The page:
The course TRENDS in Forest and Nature Conservation addresses the current challenges and trends in conservation and ecosystem management from ecological and social perspectives.
Conservation attitudes, targets and strategies have changed notoriously in the last decades, shifting from a valuation of landscapes with low human influence towards a pragmatic acceptance of disturbance and a utilitarian value of nature as provider of services; from targeting particular populations or communities to complex interlinked ecosystems, from single disciplines approaches to a growing awareness that guidelines for conservation and management need to be evidence-based and that inter-disciplinarity is key to understand these socio-ecological systems.
These trends are analyzed during the course through a combination of classical lectures, group discussions of scientific papers, plenary debates and essay writing. The course is developed by the four chair-groups (REG, NCP, FNP and FEM) teaching the Master Forest and Nature Conservation (MFN) program and some external invited speakers. Read more in study handbook.
For all MSc students Forest and Nature Conservation (MFN)
Presented by the four main chair groups of the study:
- REG Resource Ecology Group
- FEM Forest Ecology and Forest Management
- FNP Forest and Nature Conservation Policy
- PEN Plant Ecology and Nature Conservation
Download the Course Guide
After the course, the student is expected to be able to:
- Analyse emerging trends in conservation science using ecological and social sciences.
- Evaluate the scientific evidence underlying a conservation approach.
- Assess scientific papers critically.
- Write a scientific essay that analyses an emergent trend in conservation.
- Communicate current ideas on conservation to a broad public.
The principal themes of the course
Conservation attitudes, targets and strategies have changed notoriously in the last decades, shifting from an understanding of nature embodied by landscapes with low human influence towards a pragmatic acceptance of disturbance and a utilitarian value of nature as provider of services; from targeting particular populations or ecological communities to complex interlinked ecosystems, from single disciplinary approaches to a growing awareness that guidelines for conservation and management need to be evidence-based and that inter-disciplinarity is key to understand these socio-ecological systems. Scientists are also increasingly aware of the need of communicating effectively with broad audiences and starting to work more closely with artists on joint projects. In this course, these trends will be presented and discussed.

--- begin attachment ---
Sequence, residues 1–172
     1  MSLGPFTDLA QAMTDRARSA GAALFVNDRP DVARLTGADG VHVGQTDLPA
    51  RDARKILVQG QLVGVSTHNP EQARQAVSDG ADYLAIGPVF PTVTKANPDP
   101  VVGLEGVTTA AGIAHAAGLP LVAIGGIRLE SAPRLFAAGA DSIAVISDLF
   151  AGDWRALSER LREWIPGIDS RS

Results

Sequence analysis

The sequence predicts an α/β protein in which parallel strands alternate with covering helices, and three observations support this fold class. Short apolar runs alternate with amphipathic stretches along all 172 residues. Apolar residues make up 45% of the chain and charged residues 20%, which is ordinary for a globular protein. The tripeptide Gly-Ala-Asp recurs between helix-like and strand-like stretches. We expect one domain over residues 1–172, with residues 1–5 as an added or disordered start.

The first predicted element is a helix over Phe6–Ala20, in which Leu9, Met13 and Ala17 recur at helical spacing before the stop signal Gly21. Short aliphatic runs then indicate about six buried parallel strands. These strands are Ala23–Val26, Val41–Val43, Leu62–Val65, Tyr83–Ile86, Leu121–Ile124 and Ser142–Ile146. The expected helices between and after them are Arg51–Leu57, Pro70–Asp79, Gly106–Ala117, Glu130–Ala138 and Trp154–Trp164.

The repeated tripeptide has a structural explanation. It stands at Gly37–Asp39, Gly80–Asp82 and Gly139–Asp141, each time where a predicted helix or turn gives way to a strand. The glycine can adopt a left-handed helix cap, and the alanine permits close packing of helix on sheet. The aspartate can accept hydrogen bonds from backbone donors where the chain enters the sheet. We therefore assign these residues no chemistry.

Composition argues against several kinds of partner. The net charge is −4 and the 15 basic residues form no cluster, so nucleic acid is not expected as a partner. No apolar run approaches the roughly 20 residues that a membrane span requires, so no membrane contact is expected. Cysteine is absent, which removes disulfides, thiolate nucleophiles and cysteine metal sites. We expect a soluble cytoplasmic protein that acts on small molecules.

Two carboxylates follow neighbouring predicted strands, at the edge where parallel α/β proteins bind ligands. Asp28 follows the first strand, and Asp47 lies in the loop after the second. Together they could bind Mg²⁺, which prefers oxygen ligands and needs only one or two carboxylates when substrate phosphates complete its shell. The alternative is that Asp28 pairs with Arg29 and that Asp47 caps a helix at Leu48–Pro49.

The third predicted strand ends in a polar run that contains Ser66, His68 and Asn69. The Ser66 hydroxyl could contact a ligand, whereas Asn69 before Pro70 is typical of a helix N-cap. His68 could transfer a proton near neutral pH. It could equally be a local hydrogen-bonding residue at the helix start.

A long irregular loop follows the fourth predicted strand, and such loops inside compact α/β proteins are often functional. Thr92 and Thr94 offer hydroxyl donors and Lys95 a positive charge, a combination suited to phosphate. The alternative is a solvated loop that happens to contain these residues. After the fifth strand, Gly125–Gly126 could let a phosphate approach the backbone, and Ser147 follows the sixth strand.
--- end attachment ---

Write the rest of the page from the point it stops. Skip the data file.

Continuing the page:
The trends can be grouped in five main themes:
- Resilience of Socio-Ecological Systems
- Ecosystem approach
- Protect / Manage
- Intrinsic value / Valuation
- Manifesting science
Download the 2017 programme
The course uses a combination of working forms:
- Group discussions: paper discussions in small groups (Assignment 1)
- Individual essay writing (Assignment 2)
- Group communication assignment (Assignment 3)
Students will be evaluated through 4 assignments:
Assignment 1: Reading critically (10 %)
Assignment 2: Individual essay (45 %)
Assignment 3: Communicating with society (15 %)
Assignment 4: Final exam (30 %)
- Assignment 1: Reading Critically
The papers listed below are used for the group discussions and Assignment 1. They are available through our university digital library.
- Assignment 2: Individual Essay
- Assignment 3: Communicating Conservation Science (15 %)
All lectures you can find on MyPortal, course REG31306
Joop Schaminee Marten Scheffer Mathijs Schouten
Wietse van der Werf